There is nothing very anomalous about a wealth tax. In fact, inequality in the world has grown to such extremes that even the annual jamboree of the world’s super rich held at Davos, Switzerland has expressed concern, and ‘establishment’ economists across the world have been demanding imposition of wealth taxes on the rich to reduce it. Wealth taxes exist in several European countries.  [20]

According to an estimate made by Credit Suisse in 2019, the richest one percent in India own 42.5 percent of the total wealth of the country, which works out to $5361 billion or Rs 380.631 lakh crore.[21] Imposition of a low 2 percent wealth tax on this would earn the government Rs 7.6 lakh crore in revenue. (Incidentally, during the 2020 USA Presidential elections, both Warren and Sanders had proposed a minimum wealth tax of 2 percent, rising to 6 / 8 percent for those with fortunes over $1 billion).

iv) Imposition of Inheritance Tax on the Richest 1 percent

This tax is also perfectly in sync with the ideology of capitalism. While supporters of capitalism argue that the rich are so because of their special qualities like ‘innovativeness’ and ‘entrepreneurship’, there is no reason why their children should be in possession of all their wealth; and so it is perfectly justified if governments impose a substantial inheritance tax on the very rich. Several developed countries had a large inheritance tax till the 1980s; during the past three decades, due to the rise of neoliberalism, many have either removed or reduced it. Recently, an OECD report called for (re-)introduction of inheritance tax as a way of reducing wealth inequality. Inheritance tax rate in France continues to be 45 percent, and in South Korea and Japan is 50 percent.[22]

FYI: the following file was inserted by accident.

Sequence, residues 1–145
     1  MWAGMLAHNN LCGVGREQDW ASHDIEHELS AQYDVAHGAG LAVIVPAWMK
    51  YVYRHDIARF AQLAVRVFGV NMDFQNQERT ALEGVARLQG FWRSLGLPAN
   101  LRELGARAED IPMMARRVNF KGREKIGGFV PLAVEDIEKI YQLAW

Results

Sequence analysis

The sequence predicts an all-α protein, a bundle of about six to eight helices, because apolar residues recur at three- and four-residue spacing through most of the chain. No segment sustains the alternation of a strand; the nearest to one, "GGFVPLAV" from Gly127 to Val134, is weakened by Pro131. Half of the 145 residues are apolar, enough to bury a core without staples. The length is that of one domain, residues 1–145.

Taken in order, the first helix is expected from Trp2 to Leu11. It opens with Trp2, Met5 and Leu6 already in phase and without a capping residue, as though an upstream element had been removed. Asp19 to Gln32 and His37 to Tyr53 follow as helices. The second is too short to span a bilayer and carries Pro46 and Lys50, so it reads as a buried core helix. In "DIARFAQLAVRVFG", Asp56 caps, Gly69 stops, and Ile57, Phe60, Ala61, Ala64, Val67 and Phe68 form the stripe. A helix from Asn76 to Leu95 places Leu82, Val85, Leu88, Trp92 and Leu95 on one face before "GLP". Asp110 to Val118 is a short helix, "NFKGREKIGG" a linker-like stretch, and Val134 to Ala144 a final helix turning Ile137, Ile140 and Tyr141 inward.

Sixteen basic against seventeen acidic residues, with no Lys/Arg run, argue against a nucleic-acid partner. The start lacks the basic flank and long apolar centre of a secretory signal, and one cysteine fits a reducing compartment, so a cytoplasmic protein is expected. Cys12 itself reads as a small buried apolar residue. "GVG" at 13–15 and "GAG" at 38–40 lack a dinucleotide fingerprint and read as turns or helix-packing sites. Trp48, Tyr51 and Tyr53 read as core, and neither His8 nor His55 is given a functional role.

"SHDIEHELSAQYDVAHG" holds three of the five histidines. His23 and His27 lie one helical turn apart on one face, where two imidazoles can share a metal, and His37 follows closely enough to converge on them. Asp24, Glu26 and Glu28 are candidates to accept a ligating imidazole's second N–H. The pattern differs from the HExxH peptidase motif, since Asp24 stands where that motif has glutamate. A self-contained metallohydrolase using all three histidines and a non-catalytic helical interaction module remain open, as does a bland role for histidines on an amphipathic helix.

For India, if the government imposes a modest inheritance tax rate of 33 percent on the richest 1 percent people in the country, then, assuming that about 5 per cent of the wealth of these top 1 per cent gets bequeathed every year to their children or other legatees, the government would earn 380.6 lakh crore x .05 x .33 = Rs 6.28 lakh crore as inheritance tax revenue every year.

v) Total

These four suggestions given above would fetch the government an additional (4.5 + 3 + 7.6 + 6.3 =) Rs 21.4 lakh crore in revenue. That would send out budgetary outlay zooming from Rs 34.8 lakh crore in 2021-22 BE to Rs 56.2 lakh crore.

Financing a Huge Increase in Social Sector Expenditures is Dooable

Assuming that the government’s social sector expenditures (Centre + States combined) in 2021–22 are around 7% of GDP, that would amount to Rs 15.6 lakh crore. This means that if the Centre reduces some of the enormous subsidies it is giving to the rich and implements the suggestions given above, the resulting increase in Centre’s revenues of Rs 21.4 lakh crore would be enough to more than double the total social sector expenditures of both the Centre and States combined.

To be more specific, this increase in government revenues would be more than enough to finance:

i) An increase in total educational spending (Centre + States) to 6% of GDP, from the present 3% of GDP. Additional spending required = Rs 6.7 lakh crore.